Patch STS-125, ultima "Hubble Servicing Mission"

Ecco il patch di missione, molto sobrio.

Decisamente…mi sarei aspettato qualcosa di più per una missione del genere… :-s :? che magari sia una bozza?

No, dovrebbe essere il definitivo.

A me non sembra male… chissà perchè non trovo critiche ai patch di missione :stuck_out_tongue_winking_eye:

Approposito di questa missione, ho trovato questo articolo che mi sembra davvero interessante riguardante l’addestramento degli astronauti…

Susan Hendrix Goddard Space Flight Center, Greenbelt, Md. November 16, 2007 301-286-7745

Goddard Engineers and Divers Multi-Task for Hubble

Ever wonder how NASA astronauts prepare for Hubble Space Telescope servicing
missions? I wish I could say it’s rocket science, but what it really comes
down to is lots of preparation. And the astronauts spend many hours
practicing on intricate, full-sized models of the telescope.

In planning for Servicing Mission 4 to Hubble, crew members divide their
time between NASA’s Johnson Space Center, Houston, working underwater on a
Hubble mock-up to simulate the effects of weightlessness, and NASA’s Goddard
Space Flight Center, Greenbelt, Md., where they practice scheduled mission
tasks on a Hubble mock-up inside a large clean room facility.

“When servicing Hubble, spacewalking time is our most precious resource,”
said Mike Weiss, Hubble’s Technical Deputy Program Manager at Goddard.
“Every second counts, so every activity performed by the crew must be
meticulously engineered, choreographed and practiced ahead of time.”

The best way for the astronauts to be able to do the most during their
limited spacewalks is to practice on intricate models of Hubble. One such
model is in a huge water tank at Johnson. This water environment closely
replicates the weightlessness of space, allowing the crew to perfect their
techniques so by the time they actually reach Hubble there are few or no

The astronauts’ earthly practice sessions help them prepare for any issues
they could face once they open Hubble’s bay doors and begin working.

“During the mission the astronauts perform on-orbit tasks inside Hubble,
wearing bulky, pressurized gloves and under lighting conditions that are not
always optimal,” said Justin Cassidy, Crew Aids and Tools Lead Systems
Engineer at Goddard.

The mock-ups of the telescope are so precise that the crew becomes acutely
aware of how they need to move and how much clearance they will have once
they get inside of Hubble. And since each spacewalking task is unique, the
team develops new tools and crew aids that ensure the job gets done as
easily and efficiently as possible.

“It’s not enough to assume that since a past spacewalk went well, the next
will too. Every time we do a mission, there’s always a new task that hasn’t
been done before so we often have to make new astronaut tools,” said
Cassidy. “Consequently, there is a constant need for a facility where space
walking procedures can be developed and ideas and equipment can be tested.”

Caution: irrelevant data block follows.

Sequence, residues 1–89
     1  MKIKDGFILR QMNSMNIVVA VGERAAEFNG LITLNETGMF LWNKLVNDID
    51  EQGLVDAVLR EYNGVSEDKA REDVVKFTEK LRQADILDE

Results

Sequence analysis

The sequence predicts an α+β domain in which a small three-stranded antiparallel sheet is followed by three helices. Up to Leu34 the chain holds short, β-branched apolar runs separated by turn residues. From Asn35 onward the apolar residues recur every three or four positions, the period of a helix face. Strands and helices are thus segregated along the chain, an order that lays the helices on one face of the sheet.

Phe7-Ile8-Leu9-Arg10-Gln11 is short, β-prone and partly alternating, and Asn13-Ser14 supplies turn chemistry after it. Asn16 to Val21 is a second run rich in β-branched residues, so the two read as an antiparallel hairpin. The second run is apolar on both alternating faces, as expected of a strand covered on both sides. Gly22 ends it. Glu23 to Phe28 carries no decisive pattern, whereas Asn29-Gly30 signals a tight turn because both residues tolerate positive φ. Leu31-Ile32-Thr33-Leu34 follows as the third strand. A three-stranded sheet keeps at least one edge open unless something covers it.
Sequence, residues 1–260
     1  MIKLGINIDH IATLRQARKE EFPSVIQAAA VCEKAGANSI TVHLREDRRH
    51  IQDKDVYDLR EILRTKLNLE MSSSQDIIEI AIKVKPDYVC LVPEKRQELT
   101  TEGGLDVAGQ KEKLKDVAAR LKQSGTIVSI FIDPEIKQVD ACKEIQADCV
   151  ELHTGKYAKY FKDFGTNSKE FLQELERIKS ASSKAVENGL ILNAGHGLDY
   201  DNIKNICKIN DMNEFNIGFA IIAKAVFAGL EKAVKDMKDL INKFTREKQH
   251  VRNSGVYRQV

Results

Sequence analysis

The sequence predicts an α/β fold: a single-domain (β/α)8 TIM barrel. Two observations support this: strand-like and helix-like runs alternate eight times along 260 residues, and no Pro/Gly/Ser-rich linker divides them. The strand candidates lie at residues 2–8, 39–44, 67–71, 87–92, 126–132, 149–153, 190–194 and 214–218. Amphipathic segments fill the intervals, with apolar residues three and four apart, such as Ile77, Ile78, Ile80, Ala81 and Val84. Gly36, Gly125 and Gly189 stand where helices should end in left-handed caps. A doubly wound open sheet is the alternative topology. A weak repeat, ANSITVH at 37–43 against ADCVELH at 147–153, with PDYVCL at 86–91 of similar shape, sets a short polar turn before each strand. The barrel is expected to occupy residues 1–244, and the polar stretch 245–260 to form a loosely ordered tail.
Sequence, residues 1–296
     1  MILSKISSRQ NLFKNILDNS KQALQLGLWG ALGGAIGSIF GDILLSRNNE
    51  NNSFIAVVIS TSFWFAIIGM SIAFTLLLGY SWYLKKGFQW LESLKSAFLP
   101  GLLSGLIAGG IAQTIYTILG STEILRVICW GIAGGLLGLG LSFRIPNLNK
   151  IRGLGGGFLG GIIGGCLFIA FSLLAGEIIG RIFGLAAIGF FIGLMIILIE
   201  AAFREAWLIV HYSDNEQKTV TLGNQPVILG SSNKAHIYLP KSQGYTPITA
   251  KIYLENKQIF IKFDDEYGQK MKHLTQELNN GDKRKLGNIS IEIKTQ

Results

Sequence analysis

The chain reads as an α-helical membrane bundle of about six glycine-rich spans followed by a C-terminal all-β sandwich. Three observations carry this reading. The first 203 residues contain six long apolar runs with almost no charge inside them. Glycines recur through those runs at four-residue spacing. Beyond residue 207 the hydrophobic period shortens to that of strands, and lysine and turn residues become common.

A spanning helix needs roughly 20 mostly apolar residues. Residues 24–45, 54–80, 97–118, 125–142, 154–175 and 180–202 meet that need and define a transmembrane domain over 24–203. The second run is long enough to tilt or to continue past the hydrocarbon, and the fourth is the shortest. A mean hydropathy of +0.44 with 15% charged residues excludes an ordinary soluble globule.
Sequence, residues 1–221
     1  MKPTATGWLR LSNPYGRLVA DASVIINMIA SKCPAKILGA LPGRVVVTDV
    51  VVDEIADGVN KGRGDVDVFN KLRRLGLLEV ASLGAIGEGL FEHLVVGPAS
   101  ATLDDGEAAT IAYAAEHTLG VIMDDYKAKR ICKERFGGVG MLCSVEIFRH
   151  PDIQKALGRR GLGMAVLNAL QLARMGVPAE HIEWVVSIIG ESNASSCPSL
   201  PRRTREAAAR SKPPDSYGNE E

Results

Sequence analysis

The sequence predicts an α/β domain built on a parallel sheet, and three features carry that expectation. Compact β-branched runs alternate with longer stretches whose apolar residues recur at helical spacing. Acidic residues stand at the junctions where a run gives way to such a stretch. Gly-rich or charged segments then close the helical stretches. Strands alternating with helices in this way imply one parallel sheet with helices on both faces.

Such a place is the Neutral Buoyancy Laboratory (NBL) at Johnson. The NBL
houses an enormous water tank. This 202-foot-long by 102-foot-wide by
40-foot-deep structure contains a whopping 6.2 million gallons of purified
water that is completely filtered and recycled every 19.5 hours, providing
the astronauts and NASA divers with exceptional water clarity.

Working underwater closely simulates the weightless environment encountered
by spacewalking astronauts. The underwater environment helps them learn how
to position their bodies and how to maneuver themselves during an EVA, or
spacewalk. Since they are actually in pressurized spacesuits, they also have
an opportunity to evaluate reach, access and visibility to specific work

While being underwater comes pretty close to replicating the effects of
zero-gravity, water drag can be a hindrance, making some things easier to do
in the water than in space and other tasks more difficult. In order to
compensate for this “negative” training, astronauts receive additional
training on a special air-bearing floor at Johnson in order to learn the
effects of dealing with large masses in space.

Goddard’s Role

The Hubble team refers to underwater engineering development and flight
training as “dive runs.” The team will complete about 12 dive runs before
the scheduled August 2008 mission to Hubble.

According to Weiss, every hour of work performed during an actual spacewalk
equals about 20 hours of underwater engineering development. Once NASA
assigns an astronaut crew and the engineering products are turned over to
the astronauts’ training team for actual flight training, the crew then
spends about 14 hours training under water for every hour they actually
spend performing spacewalking tasks.

Goddard provides Hubble engineers who dive with the astronauts to define
procedures and tool requirements as well as training the crew in the use of
the tools and crew aids. Johnson supports the dive runs with safety divers,
who ensure the crew’s well-being, and video photographers and still
photographers that document the crew’s activities. The team then studies the
images captured in the tank to evaluate each run and modify tool designs,
which increases efficiency.

But how did the Goddard engineers get involved in diving? “Way back, when we
were going through engineering development for the first servicing mission,